Margot is a pretty evil character. In that story, her husband describes her as a maenad, “evil and snakelike with sharp claws where her hands should be…her poisonous kisses will take his last breath. Her red mouth will devour his heart.” He doesn’t really hold back on how he feels about her. She is very different from Violet to me. Although both women commit adultery, deceive their husbands, they do it for completely different reasons. I wanted to write about women who made awful choices and not so much about what led them to make these choices, but the aftermath of the choices they made. Margot is unapologetic about her affairs. She thinks her husband should just be thankful she’s around, be thankful she lets him love her. She’s given him a daughter, she comes home some nights, what more could he ask for? She warns him that he knew what she was like when he married her. In a way, he did. He thought he could “fix” her. He lied to himself about that. Margot feels like her husband was weak because he loved her so much. She’s pretty much every man’s worst nightmare. That’s why I wrote her. That was fun.

Violet is a dearer character to me because she is the protagonist of my novel and the protagonist of three linked stories in Every Kiss A War. Violet is young, immature and doesn’t quite realize the weight of what she does and the decisions she makes. She’s wild and reckless, flirty with a man she’s interested in, and when everything goes too far, she lets it. I would argue that Violet has a deep view of love and commitment. She does love her husband Dominic, but she willingly chooses to stray. The decision didn’t sneak up on her. I love Violet. She means a lot to me because she represents wildness, the ability or non-ability to be tamed, sin and forgiveness. She’s a representative of mercy and unabashed sexual desire. She feels bad for the things she does, but she does them anyway and does them again. I believe this is how most people operate, myself included at times. I try to mirror those basic human emotions, even the awful ones, in my writing.

A lot of people who read EKAW want to talk about Violet and her stories because they try to understand her or want to put her in a box. I try really hard to keep her out of a box. I want her to be surprising and I think she is! I love her madly and will defend her, even her darkest parts, but at the same time I don’t feel the need to.

I loved “Skee Ball, Indiana,” especially the ending (“I wanted to tell Marcus or Deladis or Brent or anybody that I could have been a good mom”). It struck me that the ending didn’t really resolve any conflict or give us much sense of how things will move forward for the protagonist, and this added to the story’s power. How did you decide where to end the piece and how to achieve the mood you wanted?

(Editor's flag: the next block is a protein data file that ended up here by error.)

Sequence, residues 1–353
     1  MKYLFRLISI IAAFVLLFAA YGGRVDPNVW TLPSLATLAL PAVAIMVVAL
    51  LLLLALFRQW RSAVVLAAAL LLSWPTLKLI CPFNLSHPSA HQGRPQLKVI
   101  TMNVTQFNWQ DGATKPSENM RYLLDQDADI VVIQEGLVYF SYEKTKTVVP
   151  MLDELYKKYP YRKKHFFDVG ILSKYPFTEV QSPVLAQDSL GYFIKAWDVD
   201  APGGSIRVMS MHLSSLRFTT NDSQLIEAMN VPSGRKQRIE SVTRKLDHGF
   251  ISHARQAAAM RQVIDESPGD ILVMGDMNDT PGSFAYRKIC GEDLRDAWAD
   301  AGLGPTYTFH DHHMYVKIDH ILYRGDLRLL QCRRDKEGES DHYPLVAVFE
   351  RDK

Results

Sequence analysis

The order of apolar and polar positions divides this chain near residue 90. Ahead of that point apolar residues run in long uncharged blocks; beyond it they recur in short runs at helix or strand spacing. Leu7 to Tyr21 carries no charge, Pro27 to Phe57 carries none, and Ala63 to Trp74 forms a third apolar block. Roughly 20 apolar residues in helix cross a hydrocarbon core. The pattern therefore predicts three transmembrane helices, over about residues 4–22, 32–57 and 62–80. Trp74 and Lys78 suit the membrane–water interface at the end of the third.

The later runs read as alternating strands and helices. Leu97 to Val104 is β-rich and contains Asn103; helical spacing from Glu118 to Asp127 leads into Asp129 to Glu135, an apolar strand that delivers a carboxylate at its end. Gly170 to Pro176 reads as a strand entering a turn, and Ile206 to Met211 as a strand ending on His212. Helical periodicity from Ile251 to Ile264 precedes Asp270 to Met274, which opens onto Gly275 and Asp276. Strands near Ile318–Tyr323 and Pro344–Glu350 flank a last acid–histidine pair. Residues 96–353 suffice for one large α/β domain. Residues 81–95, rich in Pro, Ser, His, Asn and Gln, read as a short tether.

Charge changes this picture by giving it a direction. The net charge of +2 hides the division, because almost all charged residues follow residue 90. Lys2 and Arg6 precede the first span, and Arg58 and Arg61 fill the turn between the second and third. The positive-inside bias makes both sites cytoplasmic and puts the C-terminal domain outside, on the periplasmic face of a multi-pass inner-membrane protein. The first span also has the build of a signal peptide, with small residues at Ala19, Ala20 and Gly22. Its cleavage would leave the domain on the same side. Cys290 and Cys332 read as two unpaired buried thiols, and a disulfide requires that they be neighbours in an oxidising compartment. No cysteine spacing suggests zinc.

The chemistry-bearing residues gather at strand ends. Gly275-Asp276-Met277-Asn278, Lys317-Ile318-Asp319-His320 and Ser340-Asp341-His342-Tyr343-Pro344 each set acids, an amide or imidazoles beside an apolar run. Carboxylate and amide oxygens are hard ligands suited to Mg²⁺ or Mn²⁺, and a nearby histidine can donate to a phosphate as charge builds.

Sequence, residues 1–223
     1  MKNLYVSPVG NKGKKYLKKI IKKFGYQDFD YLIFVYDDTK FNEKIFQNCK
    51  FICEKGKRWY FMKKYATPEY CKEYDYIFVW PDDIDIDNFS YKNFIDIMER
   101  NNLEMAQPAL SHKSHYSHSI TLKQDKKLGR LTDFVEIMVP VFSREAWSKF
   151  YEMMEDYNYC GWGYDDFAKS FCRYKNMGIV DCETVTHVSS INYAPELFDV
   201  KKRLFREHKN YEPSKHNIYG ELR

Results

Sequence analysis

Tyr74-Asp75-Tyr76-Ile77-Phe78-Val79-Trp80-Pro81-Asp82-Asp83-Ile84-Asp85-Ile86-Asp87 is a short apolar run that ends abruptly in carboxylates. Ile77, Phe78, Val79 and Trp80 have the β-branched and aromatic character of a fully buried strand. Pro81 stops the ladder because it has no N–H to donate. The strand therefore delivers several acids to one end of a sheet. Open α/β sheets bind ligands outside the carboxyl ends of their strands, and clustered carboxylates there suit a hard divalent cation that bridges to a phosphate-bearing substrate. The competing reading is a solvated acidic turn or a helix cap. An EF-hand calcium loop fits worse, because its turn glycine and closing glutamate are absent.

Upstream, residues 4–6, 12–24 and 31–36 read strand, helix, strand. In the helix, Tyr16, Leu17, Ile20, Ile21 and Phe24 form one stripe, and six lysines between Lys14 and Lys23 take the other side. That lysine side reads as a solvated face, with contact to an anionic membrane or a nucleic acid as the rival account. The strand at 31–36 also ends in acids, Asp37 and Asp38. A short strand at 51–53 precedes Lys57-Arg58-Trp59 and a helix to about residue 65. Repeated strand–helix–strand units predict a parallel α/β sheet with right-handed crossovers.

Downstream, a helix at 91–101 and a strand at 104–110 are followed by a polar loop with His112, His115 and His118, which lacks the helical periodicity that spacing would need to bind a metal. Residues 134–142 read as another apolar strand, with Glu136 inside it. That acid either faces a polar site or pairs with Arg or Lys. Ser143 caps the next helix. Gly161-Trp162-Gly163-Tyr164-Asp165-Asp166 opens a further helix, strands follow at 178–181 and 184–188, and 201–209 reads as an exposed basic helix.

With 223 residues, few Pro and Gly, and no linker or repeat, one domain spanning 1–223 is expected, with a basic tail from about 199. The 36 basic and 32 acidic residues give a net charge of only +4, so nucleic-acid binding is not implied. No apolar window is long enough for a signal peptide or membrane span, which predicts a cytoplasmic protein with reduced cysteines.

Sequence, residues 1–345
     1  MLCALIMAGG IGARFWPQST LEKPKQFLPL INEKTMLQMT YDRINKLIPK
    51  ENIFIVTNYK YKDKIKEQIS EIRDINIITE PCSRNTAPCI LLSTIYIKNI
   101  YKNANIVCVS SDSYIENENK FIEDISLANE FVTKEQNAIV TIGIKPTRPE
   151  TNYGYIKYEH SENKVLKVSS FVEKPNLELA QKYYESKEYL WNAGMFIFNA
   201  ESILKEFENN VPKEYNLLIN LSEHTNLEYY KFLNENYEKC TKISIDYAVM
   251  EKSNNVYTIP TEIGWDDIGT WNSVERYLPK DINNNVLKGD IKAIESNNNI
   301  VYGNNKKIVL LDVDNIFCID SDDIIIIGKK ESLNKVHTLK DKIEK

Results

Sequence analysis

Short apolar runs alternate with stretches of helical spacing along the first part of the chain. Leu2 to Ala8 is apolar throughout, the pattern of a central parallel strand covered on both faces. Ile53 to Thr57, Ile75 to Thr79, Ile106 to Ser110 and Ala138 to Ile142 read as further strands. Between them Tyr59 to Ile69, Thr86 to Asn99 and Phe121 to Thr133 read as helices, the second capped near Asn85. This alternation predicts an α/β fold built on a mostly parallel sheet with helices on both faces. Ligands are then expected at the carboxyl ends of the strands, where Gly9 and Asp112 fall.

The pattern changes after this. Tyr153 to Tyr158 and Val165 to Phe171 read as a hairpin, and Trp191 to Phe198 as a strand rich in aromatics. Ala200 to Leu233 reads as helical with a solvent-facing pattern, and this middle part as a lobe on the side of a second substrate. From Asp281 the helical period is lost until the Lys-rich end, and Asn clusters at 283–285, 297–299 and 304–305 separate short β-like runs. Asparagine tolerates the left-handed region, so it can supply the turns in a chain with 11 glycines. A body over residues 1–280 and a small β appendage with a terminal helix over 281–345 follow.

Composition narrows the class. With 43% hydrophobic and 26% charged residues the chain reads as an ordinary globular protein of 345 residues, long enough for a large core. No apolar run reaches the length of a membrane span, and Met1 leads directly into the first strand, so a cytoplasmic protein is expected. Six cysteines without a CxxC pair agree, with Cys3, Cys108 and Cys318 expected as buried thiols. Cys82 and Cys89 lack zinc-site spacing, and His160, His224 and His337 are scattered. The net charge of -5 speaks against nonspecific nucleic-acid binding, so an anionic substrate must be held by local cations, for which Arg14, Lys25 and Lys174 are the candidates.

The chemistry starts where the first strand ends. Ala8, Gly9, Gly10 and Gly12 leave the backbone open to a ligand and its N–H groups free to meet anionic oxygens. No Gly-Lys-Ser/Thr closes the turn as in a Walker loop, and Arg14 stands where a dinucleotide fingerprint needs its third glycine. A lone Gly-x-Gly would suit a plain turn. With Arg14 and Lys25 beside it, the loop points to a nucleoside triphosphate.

It’s hard for me not to resolve conflict! I love happy endings and fight for them when they fit. In “Skee Ball” I kind of wanted to get out of the story while the curtain was still coming down. The main character, Rory, has had an abortion some months ago and she isn’t quite sure how she feels about it. She’s still processing it and doing a pretty good job of looking at it from both sides. She’s in high school, she’s disappointed in herself, she’s disappointed in her mother’s reaction, she’s got a lot to unpack. So at the end of the story, I wanted to leave her alone with someone who was, in essence, a stranger, and have him going through something completely different, but just as weighty: his mother is dying. I wanted Rory to make a connection with him, for him to make a connection with her. Something as simple as: life is really really really hard sometimes, right? And have them both agree on that as the storm comes rolling in. Something so tiny as a hug right before the storm. So I knew I wanted to get out of the story before the storm rolled in and I knew I wanted Rory and Marcus to have a quiet, reflective moment on what was supposed to be a fun night. I wanted that story to be the kind of story where a reader would read it, get to the end, and then immediately go back to the beginning and read it again to see if they missed anything. I love stories that make me feel that way: that make me want to take another look and listen.